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Ideology and India

Khurshid, speaking on ideology and politics, missed the point

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Law Minister has insisted that his statements to The on the “rudderless” nature of the party have been “misinterpreted”. On the contrary, it appears that they were more than clear enough, and that they accurately reflect the views of a large and growing section of those within the ruling party. Mr Khurshid, speaking of the Congress, said that “we need a new to be given by our next-generation leader to move forward”, and that, so far, the Congress had seen only “cameos of his thought and ideas”. He is quite right that Mr Gandhi, a general secretary of the party and widely viewed as its next leader, has been too reticent about his opinions and suggestions on specific policy proposals. However, the larger drift of his argument appears to be both mistaken and misdirected, not “misinterpreted”.

First, Mr Khurshid is mistaken: it is far from clear that the Congress is in fact in need of a new ideology. The Congress’ historical ideology continues, apparently, to be on offer: left-of-centre compromise. The “reformists”, led by Prime Minister Manmohan Singh, push for growth that swells incomes and the exchequer; the “entitlers”, led by Congress President Sonia Gandhi, push for the spread of rights and welfarist entitlements to India’s poor. Since 2004, it is clear that the policy programme the Congress offers is a compromise between these two viewpoints — or what it chooses to call “inclusive growth”. That UPA-II has largely failed to deliver either inclusion or growth is a reflection of administrative and political failures, not of direction. It is inconceivable that Mr Gandhi will alter the “inclusive growth” approach — so what ideological intervention is expected of him? Which should take the debate to the second point: how Mr Khurshid’s suggestions are misdirected. Mr Gandhi continues to show no inclination whatsoever to take up a post in government or to usurp his mother’s role as leader of the party. Given that the failures of UPA-II have been failures of and administration – an inability to push reform, restore growth and tackle corruption, the collapse of the Congress in Andhra Pradesh thanks to mismanagement of the Telangana issue, and an overall mishandling of its allies – Mr Khurshid’s complaints would have been better directed at the Congress party’s current leader, Sonia Gandhi. Or, indeed, at all his fellow Congressmen, with Mr Gandhi just one among their number. Nothing stops the Congress from conducting a lively internal debate on policy issues that can inform its future direction.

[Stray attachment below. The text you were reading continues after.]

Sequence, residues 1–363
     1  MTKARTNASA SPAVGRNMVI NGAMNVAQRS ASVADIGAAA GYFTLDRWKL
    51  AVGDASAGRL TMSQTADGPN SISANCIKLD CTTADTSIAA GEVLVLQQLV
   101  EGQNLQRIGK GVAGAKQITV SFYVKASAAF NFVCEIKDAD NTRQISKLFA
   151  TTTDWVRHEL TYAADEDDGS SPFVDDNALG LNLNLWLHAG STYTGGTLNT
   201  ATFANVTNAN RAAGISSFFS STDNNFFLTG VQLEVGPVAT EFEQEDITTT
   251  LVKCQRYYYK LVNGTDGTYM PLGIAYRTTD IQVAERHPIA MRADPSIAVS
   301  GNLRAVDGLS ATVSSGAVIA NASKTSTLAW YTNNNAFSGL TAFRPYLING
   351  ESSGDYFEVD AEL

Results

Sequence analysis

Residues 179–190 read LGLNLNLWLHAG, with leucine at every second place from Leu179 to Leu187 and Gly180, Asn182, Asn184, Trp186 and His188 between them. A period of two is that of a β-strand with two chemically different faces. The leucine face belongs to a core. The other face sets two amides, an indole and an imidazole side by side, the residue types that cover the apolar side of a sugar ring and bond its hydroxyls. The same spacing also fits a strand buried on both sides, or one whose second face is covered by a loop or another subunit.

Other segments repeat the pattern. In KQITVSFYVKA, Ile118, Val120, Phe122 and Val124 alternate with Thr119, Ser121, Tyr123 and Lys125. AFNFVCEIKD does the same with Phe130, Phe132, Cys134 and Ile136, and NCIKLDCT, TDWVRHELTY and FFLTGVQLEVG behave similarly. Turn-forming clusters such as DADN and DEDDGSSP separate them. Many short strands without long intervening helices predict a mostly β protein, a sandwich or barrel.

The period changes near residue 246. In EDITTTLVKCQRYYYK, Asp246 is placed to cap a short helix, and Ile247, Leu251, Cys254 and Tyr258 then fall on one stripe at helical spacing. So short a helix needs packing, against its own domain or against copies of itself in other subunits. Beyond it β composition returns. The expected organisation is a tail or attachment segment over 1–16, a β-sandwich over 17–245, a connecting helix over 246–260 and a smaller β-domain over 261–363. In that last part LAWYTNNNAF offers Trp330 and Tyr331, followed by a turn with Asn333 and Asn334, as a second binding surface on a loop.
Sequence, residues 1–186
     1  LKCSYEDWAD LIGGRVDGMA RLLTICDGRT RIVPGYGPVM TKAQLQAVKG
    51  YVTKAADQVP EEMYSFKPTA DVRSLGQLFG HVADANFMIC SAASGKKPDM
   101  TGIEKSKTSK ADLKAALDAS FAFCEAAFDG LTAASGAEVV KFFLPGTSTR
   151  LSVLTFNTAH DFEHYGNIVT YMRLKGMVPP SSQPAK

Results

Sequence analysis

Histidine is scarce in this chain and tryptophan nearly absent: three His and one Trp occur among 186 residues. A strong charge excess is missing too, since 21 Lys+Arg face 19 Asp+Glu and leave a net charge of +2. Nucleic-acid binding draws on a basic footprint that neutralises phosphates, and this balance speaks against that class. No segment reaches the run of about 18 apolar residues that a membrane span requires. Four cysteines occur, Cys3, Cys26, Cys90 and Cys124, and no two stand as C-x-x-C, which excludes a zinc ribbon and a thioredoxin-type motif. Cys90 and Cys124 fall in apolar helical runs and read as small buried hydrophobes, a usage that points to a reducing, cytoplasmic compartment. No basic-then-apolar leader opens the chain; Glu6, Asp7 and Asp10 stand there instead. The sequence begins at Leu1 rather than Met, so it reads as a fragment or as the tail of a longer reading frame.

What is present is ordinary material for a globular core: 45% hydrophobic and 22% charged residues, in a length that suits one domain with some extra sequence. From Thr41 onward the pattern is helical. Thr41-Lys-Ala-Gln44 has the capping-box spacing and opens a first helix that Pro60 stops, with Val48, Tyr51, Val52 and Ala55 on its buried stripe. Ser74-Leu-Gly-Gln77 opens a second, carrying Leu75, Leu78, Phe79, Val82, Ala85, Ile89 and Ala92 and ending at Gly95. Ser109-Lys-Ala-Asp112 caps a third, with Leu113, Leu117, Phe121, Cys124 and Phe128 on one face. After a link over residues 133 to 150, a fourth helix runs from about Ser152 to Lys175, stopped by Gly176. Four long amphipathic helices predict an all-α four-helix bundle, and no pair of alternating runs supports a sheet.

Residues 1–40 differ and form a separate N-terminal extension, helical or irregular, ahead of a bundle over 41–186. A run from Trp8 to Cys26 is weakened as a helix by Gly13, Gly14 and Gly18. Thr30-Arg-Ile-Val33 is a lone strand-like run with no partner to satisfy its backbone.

While the Congress’ confusions play out in public, however, it is notable that India’s other national formations may be even more ideologically adrift. The BJP, a party of nominal economic reformers, blocks essential reforms, like the goods and services tax, that it earlier supported. It is unclear whether it wants to be a party of hardline, authoritarian Hindutva – Narendra Modi’s party – or of softer, inclusive nationalism — Atal Bihari Vajpayee’s party. Meanwhile, the ideological divisions in India’s Communists are no longer concealed by their oaths of silence; student wings are rebelling against the “compromises” made by their parliamentarians, for example. India’s politics is not short of ideological conflict; it is just rarely seen clearly as such.

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